The Connected Cars of the Future
A recent conversation launched on the Voice America Business Channel, The Future of Cars with Game Changers, provides an interesting lens through which to view the automobile industry. Presented by SAP, the conversation covered game-changing technologies and disruptive innovations, car-style.
Below we offer a recap of the first installment of this exciting conversation. In it, we will reflect the speakers’ opinions on the future of automotive engineering. We will also summarize what’s needed to make these possibilities reality. Let’s get started.
Hyperconnectivity and Cars
The public imagination is currently afire with the possibilities of driverless cars. With Industry 4.0 enabling sensors in almost any object, it’s now possible to imagine a connected vehicle that speaks to roads, to cities, to other cars. And not only that, explains Larry Stolle. He’s senior global director of automotive marketing at SAP, a company that specializes in digital transformation and business insights.
Hyperconnectivity can transform the auto world long before cars reach the road, Stolle explains. Smart manufacturing and smart logistics will influence the auto industry in a big way. Much of this information will come in future episodes. For now, Stolle points out, it’s important to keep a few things in mind.
If you want cars to talk to roads, you have to integrate the design of both. If you want to make better, more intelligent vehicles, you have to gather data. And if you want sensors that can gather data, you have to build that into the supply chain. This will impact risk and reward heavily.
But before the automotive industry can truly innovate, all must embrace a new idea of innovation.
A New Definition of Innovative
Another guest on the show, Heather Ashton, is a research manager at IDC Insights. She kicks off the spotlight on innovation with a quote from General Motors CEO and Chairman Mary Barra. The quote reads: “My definition of innovative is providing value to the customer.”
How does this relate to the auto industry? Because, Heather explains, “The customer has to believe that technology is valuable to them. That it provides something they need or want.” It is not enough, in other words, that technology simply be advanced. It must also be useful, ideally in multiple ways. Think driverless cars, which not only stand to be safer and more efficient, but which can offer a means of personal transportation to the blind.
Otto Schell, Global SAP Business Architect and SAP’s CCO, adds that it’s not enough to innovate in just one area. Any innovation you make must take the entire care into account. That said, he offers the following quote from Henry Ross Perot: “If you see a snake, just kill it, don’t appoint a committee on snakes.” The takeaway? Innovate in the here and now rather than focusing on what’s come before. But make sure that innovation is meaningful in the present and useful to customers.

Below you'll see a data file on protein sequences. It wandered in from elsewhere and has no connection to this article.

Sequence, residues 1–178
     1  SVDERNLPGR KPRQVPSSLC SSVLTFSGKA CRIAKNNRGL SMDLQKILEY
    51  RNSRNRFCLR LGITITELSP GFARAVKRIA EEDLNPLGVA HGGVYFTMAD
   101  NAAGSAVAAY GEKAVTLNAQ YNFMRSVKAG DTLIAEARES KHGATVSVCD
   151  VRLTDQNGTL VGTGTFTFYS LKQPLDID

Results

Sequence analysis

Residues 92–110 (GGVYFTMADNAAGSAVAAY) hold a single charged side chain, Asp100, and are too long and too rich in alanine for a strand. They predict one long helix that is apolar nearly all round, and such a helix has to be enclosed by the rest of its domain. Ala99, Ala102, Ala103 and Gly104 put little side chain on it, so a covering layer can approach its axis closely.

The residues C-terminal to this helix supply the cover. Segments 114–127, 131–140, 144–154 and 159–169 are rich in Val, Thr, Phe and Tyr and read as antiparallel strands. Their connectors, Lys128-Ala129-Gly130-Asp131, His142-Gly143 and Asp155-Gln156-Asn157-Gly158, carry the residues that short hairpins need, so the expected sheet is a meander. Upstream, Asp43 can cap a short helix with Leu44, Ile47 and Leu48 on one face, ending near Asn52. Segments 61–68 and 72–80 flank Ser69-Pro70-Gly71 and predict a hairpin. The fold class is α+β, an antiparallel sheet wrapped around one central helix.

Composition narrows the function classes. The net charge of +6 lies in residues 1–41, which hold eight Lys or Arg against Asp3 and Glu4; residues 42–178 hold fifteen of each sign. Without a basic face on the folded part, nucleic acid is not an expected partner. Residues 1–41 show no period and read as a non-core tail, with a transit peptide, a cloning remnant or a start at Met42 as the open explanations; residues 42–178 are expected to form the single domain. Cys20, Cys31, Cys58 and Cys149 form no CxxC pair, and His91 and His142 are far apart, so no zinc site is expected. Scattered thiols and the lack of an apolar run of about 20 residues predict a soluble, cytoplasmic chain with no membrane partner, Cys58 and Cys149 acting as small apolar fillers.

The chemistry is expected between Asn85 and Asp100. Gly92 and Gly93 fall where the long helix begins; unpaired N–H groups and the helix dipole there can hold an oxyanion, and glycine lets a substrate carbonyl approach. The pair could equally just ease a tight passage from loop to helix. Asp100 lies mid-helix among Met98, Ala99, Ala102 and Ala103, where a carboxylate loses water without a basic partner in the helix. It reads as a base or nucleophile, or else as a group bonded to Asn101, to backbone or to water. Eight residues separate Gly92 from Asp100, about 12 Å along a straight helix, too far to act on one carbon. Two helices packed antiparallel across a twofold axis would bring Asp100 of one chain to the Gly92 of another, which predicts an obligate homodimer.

To return to Ashton’s quote, it’s all about what the customer will find meaningful. That requires a high degree of digital customer engagement. And that’s a job for technology companies.
Who’s Driving Technology?
It isn’t just auto companies responsible for new tech in the car world, Stolle explains. Increasingly, companies like Google, Uber and Apple will have a share. These companies won’t be directly involved with the creation of new cars. Instead, they’ll create technology that allows cars to be used in different ways. Think Uber, which allows consumers to engage with the road in such a novel way.
Ashton adds that these companies will ally themselves with car companies, and that we’re seeing some of that already. This kind of digital transformation will rely heavily on data from the customer as well as from sensors. Automotive companies who can use that data most intelligently are likely to be the most successful in future.
Technology will also overtake common aspects of the auto industry that for decades seemed unchanging. Think gas stations manned by drones, says Schell, or drones that deliver gas to your home. As for car ownership, Ashton adds, this will change too. In 15 years, people may stop thinking of cars as something they have to own and start envisioning them as another transportation service.
Sports cars will still exist, for example, even if a consumer does not own one themselves. This may mean a decrease in the number of makes and models available, but that’s okay. Transportation will be increasingly tailored to purpose.
The future of the auto industry will also bring many changes in how we currently drive. Consider commuting, which currently takes up tons of time for many workers. What if instead cars were routed by magnets? This would enable cars to be more responsive to road conditions as well as safer. It could save commuters a lot of time.
However, “the car is the easy part,” cautions Stolle. Such changes will require much in the way of updated infrastructure, which will be harder.
A shift in mindset can substantially help to reduce the challenges that come with the necessary updates to the infrastructure of cities and countries around the world. As long as innovators keep innovating, the future of cars is bound to be much more exciting than it is difficult, and we can’t wait to see what’s next.